Invasive plants and injurious weeds
Invasive non-native plants are species which have been brought into the UK that has the ability to spread causing damage to the environment, the economy, our health and the way we live.
Invasive non-native plants can cause problems for native UK species and reduce biodiversity (the variety of living organisms). Invasive non-native species are now widely recognised as the second biggest threat to biodiversity worldwide. Japanese knotweed can block footpaths and damage concrete, tarmac, flood defences and the stability of river banks. Giant hogweed can cause harm to human health.
Injurious weeds are native species, which have been deemed to cause a problem to farming productivity.
Injurious weeds are those that are considered able to cause harm to agricultural pasture. The five species of 'injurious weed' are:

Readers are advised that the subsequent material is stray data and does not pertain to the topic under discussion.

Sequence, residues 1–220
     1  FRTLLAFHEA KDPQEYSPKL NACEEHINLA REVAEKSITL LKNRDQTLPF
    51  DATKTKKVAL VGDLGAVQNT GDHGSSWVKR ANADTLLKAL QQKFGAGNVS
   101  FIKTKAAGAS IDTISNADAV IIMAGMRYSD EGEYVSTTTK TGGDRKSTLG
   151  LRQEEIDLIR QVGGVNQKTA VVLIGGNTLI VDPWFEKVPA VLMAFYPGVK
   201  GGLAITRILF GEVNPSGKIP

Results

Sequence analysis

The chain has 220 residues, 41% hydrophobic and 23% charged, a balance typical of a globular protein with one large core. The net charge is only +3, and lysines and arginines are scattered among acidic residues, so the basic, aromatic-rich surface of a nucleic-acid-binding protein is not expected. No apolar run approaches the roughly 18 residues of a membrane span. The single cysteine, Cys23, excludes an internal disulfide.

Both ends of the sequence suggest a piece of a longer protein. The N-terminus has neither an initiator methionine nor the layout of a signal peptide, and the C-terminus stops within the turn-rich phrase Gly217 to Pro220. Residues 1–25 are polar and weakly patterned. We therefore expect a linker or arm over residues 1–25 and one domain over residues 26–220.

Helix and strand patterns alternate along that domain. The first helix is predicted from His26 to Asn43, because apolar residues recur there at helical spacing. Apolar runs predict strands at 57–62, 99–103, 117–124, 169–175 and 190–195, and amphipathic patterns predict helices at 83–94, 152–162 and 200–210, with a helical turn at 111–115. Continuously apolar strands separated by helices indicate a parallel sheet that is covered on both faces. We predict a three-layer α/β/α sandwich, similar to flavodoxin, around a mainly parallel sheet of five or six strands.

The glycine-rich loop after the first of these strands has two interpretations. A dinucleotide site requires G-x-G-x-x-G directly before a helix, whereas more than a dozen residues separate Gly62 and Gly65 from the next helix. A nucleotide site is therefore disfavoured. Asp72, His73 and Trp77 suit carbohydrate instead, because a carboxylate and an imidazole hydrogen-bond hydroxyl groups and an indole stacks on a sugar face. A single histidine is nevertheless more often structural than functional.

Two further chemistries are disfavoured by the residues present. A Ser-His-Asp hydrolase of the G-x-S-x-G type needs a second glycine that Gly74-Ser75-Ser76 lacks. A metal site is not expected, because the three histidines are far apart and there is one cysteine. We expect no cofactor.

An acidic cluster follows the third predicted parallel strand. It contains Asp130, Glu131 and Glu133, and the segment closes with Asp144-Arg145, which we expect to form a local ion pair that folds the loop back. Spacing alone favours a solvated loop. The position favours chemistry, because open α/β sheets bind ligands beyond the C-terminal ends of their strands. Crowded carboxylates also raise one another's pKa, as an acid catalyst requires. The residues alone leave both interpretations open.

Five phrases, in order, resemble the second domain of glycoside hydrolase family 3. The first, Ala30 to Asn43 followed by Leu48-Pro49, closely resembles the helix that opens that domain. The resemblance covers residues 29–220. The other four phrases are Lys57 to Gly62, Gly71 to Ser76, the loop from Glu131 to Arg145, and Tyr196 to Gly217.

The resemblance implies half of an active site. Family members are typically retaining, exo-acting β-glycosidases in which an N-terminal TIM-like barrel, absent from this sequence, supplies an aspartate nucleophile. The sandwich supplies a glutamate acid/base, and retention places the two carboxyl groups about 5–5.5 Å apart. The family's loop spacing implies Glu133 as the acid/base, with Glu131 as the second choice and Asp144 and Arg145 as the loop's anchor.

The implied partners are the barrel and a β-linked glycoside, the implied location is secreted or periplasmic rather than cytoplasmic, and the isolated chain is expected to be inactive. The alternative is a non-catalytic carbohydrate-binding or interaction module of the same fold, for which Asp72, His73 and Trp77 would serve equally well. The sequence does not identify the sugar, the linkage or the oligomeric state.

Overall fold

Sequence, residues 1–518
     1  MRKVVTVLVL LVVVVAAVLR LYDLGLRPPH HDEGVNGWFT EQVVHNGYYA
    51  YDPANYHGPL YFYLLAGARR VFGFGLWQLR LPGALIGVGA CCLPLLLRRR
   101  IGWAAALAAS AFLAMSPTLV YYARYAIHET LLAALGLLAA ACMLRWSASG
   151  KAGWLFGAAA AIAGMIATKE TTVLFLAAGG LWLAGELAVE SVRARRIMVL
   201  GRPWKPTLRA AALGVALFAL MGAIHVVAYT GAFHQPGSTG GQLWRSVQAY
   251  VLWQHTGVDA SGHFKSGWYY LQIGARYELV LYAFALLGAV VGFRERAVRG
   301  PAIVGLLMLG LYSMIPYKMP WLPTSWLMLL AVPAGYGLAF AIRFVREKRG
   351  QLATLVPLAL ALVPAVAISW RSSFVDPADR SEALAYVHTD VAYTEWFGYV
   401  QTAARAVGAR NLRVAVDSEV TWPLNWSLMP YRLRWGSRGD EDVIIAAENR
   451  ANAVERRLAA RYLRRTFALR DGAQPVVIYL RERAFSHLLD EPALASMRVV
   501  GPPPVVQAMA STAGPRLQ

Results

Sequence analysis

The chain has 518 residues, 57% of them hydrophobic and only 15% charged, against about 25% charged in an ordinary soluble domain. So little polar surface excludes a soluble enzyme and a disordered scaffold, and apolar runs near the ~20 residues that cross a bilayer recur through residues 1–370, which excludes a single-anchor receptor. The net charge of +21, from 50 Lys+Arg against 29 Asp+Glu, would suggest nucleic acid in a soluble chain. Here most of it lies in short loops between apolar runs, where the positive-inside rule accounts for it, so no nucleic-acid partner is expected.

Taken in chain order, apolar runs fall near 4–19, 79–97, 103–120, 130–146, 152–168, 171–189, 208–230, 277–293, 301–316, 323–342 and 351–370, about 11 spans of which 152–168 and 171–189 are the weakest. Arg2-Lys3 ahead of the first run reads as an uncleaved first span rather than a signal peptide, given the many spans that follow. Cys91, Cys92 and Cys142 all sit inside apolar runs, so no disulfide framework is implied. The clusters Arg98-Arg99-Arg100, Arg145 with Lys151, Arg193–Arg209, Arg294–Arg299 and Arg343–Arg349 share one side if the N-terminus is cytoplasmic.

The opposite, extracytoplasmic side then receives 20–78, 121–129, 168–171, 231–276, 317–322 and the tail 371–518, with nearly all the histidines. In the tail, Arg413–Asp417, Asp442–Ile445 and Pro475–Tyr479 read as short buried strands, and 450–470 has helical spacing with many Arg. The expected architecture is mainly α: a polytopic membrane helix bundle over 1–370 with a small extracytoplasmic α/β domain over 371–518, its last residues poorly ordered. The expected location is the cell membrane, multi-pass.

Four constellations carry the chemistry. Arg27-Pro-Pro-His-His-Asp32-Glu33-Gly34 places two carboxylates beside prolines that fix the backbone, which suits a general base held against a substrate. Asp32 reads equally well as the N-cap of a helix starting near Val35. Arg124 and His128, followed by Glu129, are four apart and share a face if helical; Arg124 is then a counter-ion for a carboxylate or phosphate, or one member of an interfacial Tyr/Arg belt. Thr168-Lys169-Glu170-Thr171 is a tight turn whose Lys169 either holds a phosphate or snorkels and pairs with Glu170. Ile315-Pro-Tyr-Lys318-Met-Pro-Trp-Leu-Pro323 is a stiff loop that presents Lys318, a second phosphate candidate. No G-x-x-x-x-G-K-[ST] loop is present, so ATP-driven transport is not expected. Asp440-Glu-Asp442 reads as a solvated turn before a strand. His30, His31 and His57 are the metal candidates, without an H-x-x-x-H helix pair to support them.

- common ragwort
- spear thistle
- creeping or field thistle
- curled dock
- broadleaved dock
Further information on both invasive plants and injurious weeds see:
If you have invasive plants or injurious weeds on your premises you have a responsibility to prevent them spreading into the wild or causing a nuisance.
Japanese Knotweed is an extremely invasive plant that thrives on disturbance. The tiniest piece can re-grow and spread.
Recent changes in legislation have given us the power to take legal action, where necessary, against the owners of private land where non-native invasive plants like Japanese Knotweed are invading neighbouring properties.